Animal studies have shown that chronic administration of diazepam or bromazepam causes a decrease in spontaneous locomotor activity, decreased turnover of noradrenaline and dopamine and serotonin, increased activity of tyrosine hydroxylase and increased levels of the catecholamines. During withdrawal of bromazepam or diazepam a fall in tryptophan, serotonin levels occurs as part of the benzodiazepine withdrawal syndrome. Changes in the levels of these chemicals in the brain can cause headaches, anxiety, tension, depression, insomnia, restlessness, confusion, irritability, sweating, dysphoria, dizziness, derealization, depersonalization, numbness/tingling of extremities, hypersensitivity to light, sound, and smell, perceptual distortions, nausea, vomiting, diarrhea, appetite loss, hallucinations, delirium, seizures, tremor, stomach cramps, myalgia, agitation, palpitations, tachycardia, panic attacks, short-term memory loss, and hyperthermia.
Benzodiazepines require special precaution if used in elderly, pregnant, child, alcohol- or drug-dependent individuals and individuals with comorbid psychiatric disorders.
Cimetidine, fluvoxamine and propranolol causes a marked increase in the elimination half-life of bromazepam leading to increased accumulation of bromazepam.
Bromazepam is a "classical" benzodiazepine; other classical benzodiazepines include; diazepam, clonazepam, oxazepam, lorazepam, nitrazepam, flurazepam, and clorazepate. Its molecular structure is composed of a diazepine connected to a benzene ring and a pyridine ring, the benzene ring having a single nitrogen atom that replaces one of the carbon atoms in the ring structure. It is a 1,4-benzodiazepine, which means that the nitrogens on the seven-sided diazepine ring are in the 1 and 4 positions.
Bromazepam binds to the GABA receptor GABAA, causing a conformational change and increasing the inhibitory effects of GABA. Bromazepam is a long-acting benzodiazepine and is lipophilic and metabolised hepatically via oxidative pathways. It does not possess any antidepressant or antipsychotic qualities.
After night time administration of bromazepam a highly significant reduction of gastric acid secretion occurs during sleep followed by a highly significant rebound in gastric acid production the following day.
Bromazepam alters the electrical status of the brain causing an increase in beta activity and a decrease in alpha activity in EEG recordings.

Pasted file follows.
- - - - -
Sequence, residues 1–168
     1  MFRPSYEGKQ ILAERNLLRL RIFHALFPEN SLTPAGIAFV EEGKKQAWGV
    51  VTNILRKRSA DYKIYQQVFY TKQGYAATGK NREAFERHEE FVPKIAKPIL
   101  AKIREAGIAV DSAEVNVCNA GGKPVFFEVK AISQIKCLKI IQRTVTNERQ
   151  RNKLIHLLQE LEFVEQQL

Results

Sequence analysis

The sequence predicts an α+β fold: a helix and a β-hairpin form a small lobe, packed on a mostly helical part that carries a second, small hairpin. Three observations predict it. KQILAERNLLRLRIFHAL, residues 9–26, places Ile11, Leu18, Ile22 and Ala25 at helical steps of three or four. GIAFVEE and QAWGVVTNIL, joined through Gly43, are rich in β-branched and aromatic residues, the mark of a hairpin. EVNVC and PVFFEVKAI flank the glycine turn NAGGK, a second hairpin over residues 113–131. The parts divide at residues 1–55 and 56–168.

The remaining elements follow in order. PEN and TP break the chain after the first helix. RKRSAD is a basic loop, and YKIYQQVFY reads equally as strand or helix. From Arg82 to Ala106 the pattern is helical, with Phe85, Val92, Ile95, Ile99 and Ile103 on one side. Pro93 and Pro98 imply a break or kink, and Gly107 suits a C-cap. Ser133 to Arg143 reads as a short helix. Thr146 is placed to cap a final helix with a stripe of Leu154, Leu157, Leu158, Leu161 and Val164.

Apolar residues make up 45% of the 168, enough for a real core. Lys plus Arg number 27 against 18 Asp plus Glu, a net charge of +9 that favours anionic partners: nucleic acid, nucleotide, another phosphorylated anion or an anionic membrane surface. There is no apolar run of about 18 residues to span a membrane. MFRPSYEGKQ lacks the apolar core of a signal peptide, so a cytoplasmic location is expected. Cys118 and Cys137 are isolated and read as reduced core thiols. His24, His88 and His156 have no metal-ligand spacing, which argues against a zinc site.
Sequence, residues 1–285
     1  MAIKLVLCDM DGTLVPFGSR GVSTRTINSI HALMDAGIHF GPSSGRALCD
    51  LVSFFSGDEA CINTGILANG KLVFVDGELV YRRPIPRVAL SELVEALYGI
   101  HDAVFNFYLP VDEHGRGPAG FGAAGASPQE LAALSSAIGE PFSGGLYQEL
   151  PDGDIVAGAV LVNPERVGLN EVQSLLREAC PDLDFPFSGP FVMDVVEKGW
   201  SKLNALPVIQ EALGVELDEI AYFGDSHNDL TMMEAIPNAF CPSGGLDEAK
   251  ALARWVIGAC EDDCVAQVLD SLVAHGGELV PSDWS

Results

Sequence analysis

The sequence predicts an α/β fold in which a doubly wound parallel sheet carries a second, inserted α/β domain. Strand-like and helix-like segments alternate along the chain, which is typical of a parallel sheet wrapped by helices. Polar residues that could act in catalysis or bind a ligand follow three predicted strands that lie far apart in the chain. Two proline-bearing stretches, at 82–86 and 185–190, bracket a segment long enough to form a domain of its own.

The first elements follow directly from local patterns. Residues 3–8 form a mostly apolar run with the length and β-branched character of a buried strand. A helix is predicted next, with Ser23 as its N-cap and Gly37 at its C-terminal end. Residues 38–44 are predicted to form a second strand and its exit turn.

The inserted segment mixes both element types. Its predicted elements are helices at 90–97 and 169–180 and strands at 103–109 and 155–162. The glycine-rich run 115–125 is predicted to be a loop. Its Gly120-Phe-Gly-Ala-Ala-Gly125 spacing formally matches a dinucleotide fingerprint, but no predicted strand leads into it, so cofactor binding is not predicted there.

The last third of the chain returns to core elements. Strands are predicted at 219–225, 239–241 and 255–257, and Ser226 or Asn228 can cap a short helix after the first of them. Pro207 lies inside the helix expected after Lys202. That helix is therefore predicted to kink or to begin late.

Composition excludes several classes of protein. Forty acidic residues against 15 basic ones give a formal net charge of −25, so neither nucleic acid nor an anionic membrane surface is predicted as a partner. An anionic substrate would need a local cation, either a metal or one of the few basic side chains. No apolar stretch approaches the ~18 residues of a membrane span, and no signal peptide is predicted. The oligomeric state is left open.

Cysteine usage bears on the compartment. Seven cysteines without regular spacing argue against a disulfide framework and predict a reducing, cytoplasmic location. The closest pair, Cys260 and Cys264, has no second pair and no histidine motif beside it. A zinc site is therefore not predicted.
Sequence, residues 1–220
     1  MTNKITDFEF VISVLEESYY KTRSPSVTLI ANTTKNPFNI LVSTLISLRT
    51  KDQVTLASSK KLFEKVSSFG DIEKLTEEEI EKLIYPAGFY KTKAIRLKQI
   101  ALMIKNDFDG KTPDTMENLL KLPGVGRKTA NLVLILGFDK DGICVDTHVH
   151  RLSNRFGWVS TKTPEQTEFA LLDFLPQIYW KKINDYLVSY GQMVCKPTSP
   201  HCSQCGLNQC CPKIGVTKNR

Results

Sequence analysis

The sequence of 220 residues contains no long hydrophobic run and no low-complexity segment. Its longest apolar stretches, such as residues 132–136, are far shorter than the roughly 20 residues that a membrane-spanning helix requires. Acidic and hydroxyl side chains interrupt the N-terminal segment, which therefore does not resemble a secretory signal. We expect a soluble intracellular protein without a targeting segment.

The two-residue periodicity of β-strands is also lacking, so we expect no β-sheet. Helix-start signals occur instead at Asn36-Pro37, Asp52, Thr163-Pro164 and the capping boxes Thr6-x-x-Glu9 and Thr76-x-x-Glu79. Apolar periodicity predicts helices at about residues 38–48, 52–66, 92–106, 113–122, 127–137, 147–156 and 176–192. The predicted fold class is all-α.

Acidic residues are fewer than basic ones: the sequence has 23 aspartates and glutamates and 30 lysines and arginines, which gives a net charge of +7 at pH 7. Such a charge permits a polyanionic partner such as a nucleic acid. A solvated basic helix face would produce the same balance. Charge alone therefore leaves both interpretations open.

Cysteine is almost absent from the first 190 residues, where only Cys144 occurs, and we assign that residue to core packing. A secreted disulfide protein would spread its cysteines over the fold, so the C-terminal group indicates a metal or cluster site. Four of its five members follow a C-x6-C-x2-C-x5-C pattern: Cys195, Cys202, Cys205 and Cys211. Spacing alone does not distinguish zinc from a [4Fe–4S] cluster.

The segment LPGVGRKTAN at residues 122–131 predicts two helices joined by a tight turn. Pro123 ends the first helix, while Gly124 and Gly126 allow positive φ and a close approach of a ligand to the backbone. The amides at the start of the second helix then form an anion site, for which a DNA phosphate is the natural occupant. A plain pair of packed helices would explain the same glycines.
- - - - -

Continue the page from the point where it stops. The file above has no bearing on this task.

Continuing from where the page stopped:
Bromazepam is reported to be metabolized by a hepatic enzyme belonging to the Cytochrome P450 family of enzymes. In 2003, a team led by Dr. Oda Manami at Oita Medical University reported that CYP3A4, a member of the Cytochrome P450 family, was not the responsible enzyme since itraconazole, a known inhibitor of CYP3A4, did not affect its metabolism. In 1995, J. van Harten at Solvay Duphar B.V.'s Department of Clinical Pharmacology in Weesp reported that fluvoxamine, which is a potent inhibitor of CYP1A2, a less potent CYP3A4 inhibitor, and a negligible inhibitor of CYP2D6, does inhibit its metabolism.
The active metabolite of bromazepam is hydroxybromazepam, which has a half-life approximately equal to that of bromazepam.
Bromazepam is commonly involved in drug overdoses. A severe bromazepam benzodiazepine overdose may result in an alpha pattern coma type. The toxicity of bromazepam in overdosage increases when combined with other CNS depressant drugs such as alcohol or sedative hypnotic drugs. Bromazepam is the most common benzodiazepine involved in intentional overdoses in France. Bromazepam has also been responsible for accidental poisonings in companion animals. A review of benzodiazepine poisonings in cats and dogs from 1991-1994 found bromazepam to be responsible for significantly more poisonings than any other benzodiazepine.
Bromazepam has a similar misuse risk as other benzodiazepines such as diazepam. In France car accidents involving psychotropic drugs in combination with alcohol (itself a major contributor) found benzodiazepines, mainly diazepam, nordiazepam, and bromazepam, to be the most common drug present in the blood stream, almost twice that of the next-most-common drug cannabis. Bromazepam has also been used in serious criminal offences including robbery, homicide, and sexual assault.
Bromazepam is a Schedule IV drug under the Convention on Psychotropic Substances.